West Valley City • Cowley berated aggressive driver; Salmon violated procedures.
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Off-duty West Valley City police officer Shaun Cowley was taking a drive with his family in his patrol vehicle in May 2011 when he noticed an aggressive driver in the Sandy area.
Cowley who is currently being investigated for a fatal shooting and alleged evidence mishandling decided to pull him over.
As Cowley's wife and children waited, Cowley approached the driver, whose name was redacted from a discipline letter obtained by The Salt Lake Tribune and asked him, "Why in the hell he was driving recklessly," according to the documents.
Cowley then told the man to "pull his head out of his ass and drive correctly."
The driver filed a complaint, and the encounter ended up in Cowley's discipline file, which was provided by West Valley City in response to an open records request. The files show that Cowley and his colleague, Kevin Salmon, both had two written warnings in their files in the years leading up to the fatal shooting of 21-year-old Danielle Willard during a November drug investigation.
Willard's parents, Melissa Kennedy and Frederick Willard Jr., have both filed a notice of claim the first step in possibly filing a lawsuit with the city, according to other records released by the city.
While Cowley's reprimands involved interactions with people, Salmon's were mostly procedural violations for failing to get his oil changed and not wearing a seat belt, the records show.
The two detectives are on leave along with seven of their colleagues who were members of the now-disbanded Neighborhood Narcotics Unit. The unit is currently the subject of federal, state and internal probes investigating allegations of corruption, criminal activity and mishandling of evidence. The narcotics unit was shut down in December and an internal audit begun after drug evidence dating back a year was found in Cowley's trunk following Willard's death.
The Salt Lake County District Attorney's Office has since dismissed 88 cases filed in connection with the unit, and the U.S. Attorney's Office has dismissed another eight.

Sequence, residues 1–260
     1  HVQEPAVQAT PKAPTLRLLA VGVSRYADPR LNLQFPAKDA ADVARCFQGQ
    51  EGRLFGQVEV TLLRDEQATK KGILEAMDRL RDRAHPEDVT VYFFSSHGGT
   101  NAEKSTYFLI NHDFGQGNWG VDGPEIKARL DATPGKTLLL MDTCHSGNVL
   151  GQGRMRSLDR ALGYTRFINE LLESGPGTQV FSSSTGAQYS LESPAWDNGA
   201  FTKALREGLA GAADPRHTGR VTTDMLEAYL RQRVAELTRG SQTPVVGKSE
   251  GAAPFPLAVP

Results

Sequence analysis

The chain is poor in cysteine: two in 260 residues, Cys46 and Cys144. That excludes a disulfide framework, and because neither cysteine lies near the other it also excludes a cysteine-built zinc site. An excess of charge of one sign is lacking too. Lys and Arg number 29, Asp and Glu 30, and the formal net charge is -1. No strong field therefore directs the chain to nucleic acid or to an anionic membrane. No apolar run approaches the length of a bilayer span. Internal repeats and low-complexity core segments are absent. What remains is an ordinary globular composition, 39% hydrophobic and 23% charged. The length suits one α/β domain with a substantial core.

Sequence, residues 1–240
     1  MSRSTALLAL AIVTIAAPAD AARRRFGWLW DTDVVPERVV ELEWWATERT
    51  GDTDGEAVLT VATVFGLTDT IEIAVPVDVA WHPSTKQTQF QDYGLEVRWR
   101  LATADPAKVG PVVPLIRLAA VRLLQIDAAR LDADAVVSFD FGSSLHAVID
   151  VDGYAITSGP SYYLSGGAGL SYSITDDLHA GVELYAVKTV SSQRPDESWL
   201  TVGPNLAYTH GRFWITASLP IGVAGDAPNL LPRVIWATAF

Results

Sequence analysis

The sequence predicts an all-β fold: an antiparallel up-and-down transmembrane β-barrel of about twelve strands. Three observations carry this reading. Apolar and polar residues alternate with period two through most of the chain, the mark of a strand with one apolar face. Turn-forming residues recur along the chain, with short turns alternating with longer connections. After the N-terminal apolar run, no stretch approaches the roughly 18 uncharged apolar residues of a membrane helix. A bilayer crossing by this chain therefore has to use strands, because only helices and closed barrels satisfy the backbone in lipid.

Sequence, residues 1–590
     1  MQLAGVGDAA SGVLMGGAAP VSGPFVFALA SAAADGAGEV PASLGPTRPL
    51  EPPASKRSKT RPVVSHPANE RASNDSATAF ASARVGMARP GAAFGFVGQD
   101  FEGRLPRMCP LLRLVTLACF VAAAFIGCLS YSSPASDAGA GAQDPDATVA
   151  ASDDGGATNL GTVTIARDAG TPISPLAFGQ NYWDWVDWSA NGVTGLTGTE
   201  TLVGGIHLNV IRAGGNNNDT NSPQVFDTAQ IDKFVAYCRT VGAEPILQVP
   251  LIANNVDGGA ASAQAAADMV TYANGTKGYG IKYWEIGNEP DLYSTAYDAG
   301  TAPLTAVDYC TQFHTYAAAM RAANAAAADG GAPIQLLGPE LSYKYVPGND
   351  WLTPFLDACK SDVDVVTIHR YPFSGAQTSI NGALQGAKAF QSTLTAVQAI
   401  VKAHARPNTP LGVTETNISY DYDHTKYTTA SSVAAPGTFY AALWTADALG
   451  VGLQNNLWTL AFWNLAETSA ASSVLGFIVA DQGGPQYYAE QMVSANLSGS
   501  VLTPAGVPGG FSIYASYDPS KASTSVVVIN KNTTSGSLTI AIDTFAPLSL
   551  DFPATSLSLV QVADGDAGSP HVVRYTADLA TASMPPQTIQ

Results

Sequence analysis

Cowley and Salmon could not be reached for comment. Lindsay Jarvis, Cowley's attorney, said that two entries in 10 years should "speak for itself" as not very many.
During the May 2011 stop on Interstate 15, Cowley used "vulgar language," according to a letter about the incident from Cowley's personnel file. The letter was written to Cowley by West Valley Police Sgt. M.T. Johnson, who claimed Cowley's stop for a minor traffic violation had potentially jeopardized "a large investigation," the details of which are redacted from letter.
In addition, Johnson found Cowley violated department policy for driving the police vehicle outside city limits for personal reasons, and had endangered his own life by failing to tell radio dispatch of his location.
"While I agree that [name omitted] may have been driving aggressively that is no excuse to use foul or abusive language and the stop should have been handled with a citation or a stern but professional warning," Johnson wrote. "... Any further occurrences of this type will result in disciplinary action."
But that wasn't Cowley's first write up.
In June 2008, he was reprimanded for leaving the victim of an auto theft/vehicular assault that occurred on 1700 West in West Valley City to "get involved with a vehicle pursuit," according to a reprimand letter written by Sgt. John Pearce.
After Cowley left the scene, police were unable to locate the victim for nearly an hour and were unable to confirm vital contact information needed for the pursuing officers, Pearce wrote.
"The victim later recanted the fact that his vehicle was stolen or the fact that his vehicle had been rammed by the suspect," the letter reads. "It was also learned that a majority of the incident had taken place in South Salt Lake. This lack of information put the city in a position of potential liability with the result of a high risk stop.
"It is critical that we take on all assignments with professionalism and thoroughness," the letter continues. "It appears that you abandoned your assignment to go with the more exciting pursuit that was beginning. Although you indicated that the pursuing officer may have been in immediate peril, there was no evidence of such."
Salmon was first disciplined as a trainee when he was the passenger in a patrol vehicle that was involved in a serious traffic accident. Police determined Salmon wasn't wearing a seat belt, a violation of department policy.
Salmon's most recent reprimand came in November 2011, after he repeatedly failed to take his K-9 patrol vehicle in for service in a timely manner.
"It was discovered that there wasn't enough oil left to register on the dip stick and that the mileage was over the recommended 3,000 miles," Sgt. Shane Matheson wrote in the reprimand.
Matheson goes on to cite three different dates where Salmon failed to promptly change his oil.
"Remember, your assigned vehicle is a privilege not a benefit or an employee right," Matheson wrote.